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Journal Article


McNeeley S. J. Interpers. Violence 2019; ePub(ePub): ePub.


Minnesota Department of Corrections, St. Paul, USA.


(Copyright © 2019, SAGE Publishing)






Despite increasing interest in programming for perpetrators of intimate partner violence (IPV), the literature provides weak support for the effectiveness of these interventions. However, there are few studies that evaluate programs offered to felony IPV offenders who are serving prison sentences. This study uses a quasi-experimental design to evaluate the effectiveness of a prison-based implementation of a popular IPV intervention in reducing general and offense-specific recidivism among 169 men released from state prison in 2017. Because recidivism data were collected through early March 2019, the average follow-up period was approximately 20 months for both the control group and experimental group. Observable selection bias was minimized by using propensity score matching to create a comparison group of 169 nonparticipants released in 2017 who were not significantly different from the program participants. Cox regression models were used to predict general rearrest, reconviction, reincarceration, and supervised release revocation, as well as rearrest and reconviction for any violent offenses and rearrest and reconviction for domestic violence offenses in particular. No significant differences in any type of recidivism were found between the comparison group and those who participated in treatment, regardless of whether the participant completed or failed to complete the program. The findings suggest that the intervention is no more successful when offered within prisons than when offered in the community. The study concludes by making recommendations for increasing the effectiveness of prison-based domestic violence programming.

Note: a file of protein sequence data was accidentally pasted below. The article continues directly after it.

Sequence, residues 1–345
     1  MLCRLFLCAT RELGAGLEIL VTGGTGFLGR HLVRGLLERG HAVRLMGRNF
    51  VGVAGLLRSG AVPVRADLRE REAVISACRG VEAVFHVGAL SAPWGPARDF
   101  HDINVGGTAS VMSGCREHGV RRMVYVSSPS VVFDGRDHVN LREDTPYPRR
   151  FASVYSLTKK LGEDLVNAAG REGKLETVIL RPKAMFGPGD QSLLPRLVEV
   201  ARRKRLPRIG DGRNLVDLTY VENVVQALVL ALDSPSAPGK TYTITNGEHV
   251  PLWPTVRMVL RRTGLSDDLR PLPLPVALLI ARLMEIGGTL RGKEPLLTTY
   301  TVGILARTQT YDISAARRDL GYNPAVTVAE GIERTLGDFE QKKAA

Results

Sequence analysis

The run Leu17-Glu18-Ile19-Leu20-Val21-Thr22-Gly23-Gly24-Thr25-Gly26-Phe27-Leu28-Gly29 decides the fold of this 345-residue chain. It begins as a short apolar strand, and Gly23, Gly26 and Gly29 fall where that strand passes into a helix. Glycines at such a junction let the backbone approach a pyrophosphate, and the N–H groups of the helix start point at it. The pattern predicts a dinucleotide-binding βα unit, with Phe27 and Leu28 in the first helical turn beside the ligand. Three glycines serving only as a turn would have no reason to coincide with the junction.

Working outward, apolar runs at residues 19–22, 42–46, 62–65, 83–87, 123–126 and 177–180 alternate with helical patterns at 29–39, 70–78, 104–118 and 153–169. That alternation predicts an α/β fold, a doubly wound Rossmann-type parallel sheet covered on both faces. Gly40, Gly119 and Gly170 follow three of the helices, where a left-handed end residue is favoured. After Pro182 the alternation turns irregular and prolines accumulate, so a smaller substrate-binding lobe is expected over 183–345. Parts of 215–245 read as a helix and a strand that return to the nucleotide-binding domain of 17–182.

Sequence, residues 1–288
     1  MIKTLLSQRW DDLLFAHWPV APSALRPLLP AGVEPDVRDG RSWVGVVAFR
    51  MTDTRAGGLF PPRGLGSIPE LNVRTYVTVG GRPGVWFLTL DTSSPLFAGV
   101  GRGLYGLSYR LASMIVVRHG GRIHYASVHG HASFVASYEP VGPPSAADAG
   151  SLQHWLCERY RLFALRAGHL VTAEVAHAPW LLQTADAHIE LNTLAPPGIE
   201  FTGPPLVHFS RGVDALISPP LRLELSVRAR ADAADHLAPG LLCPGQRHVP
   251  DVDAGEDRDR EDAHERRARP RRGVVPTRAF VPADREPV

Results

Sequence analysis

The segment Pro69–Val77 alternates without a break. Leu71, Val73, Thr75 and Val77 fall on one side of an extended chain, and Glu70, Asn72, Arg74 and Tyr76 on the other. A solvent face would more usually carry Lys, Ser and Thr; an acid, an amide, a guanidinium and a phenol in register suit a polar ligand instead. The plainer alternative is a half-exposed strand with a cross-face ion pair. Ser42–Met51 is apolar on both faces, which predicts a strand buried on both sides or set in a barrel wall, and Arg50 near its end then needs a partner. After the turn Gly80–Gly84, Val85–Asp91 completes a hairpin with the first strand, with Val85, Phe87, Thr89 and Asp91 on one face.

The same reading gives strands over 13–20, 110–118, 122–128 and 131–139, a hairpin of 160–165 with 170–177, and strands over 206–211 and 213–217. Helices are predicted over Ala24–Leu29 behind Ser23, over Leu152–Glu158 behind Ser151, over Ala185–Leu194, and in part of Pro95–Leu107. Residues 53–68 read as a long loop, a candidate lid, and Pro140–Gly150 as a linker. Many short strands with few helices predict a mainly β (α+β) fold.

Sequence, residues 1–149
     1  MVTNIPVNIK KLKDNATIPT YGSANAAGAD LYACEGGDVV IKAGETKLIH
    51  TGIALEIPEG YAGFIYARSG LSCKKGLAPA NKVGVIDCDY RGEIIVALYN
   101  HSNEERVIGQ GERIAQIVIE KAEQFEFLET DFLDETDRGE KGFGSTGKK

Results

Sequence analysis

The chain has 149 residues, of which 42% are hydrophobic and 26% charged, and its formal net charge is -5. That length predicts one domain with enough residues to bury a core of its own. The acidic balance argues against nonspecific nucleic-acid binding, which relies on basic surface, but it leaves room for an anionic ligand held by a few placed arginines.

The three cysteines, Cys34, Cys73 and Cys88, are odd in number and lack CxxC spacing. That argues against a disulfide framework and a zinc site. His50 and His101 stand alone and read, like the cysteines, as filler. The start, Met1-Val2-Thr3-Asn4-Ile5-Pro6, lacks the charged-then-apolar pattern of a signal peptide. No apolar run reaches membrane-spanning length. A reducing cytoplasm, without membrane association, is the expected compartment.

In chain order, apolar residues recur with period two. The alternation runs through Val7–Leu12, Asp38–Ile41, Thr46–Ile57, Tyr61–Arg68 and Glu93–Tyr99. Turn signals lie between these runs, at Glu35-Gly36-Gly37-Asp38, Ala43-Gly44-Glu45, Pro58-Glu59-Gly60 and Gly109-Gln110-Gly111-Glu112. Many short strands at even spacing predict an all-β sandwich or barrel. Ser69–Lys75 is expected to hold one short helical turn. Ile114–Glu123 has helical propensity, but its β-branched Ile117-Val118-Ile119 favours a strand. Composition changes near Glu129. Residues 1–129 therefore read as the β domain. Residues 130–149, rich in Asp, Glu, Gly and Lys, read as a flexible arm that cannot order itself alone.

Language: en


batterers; domestic violence; domestic violence treatment


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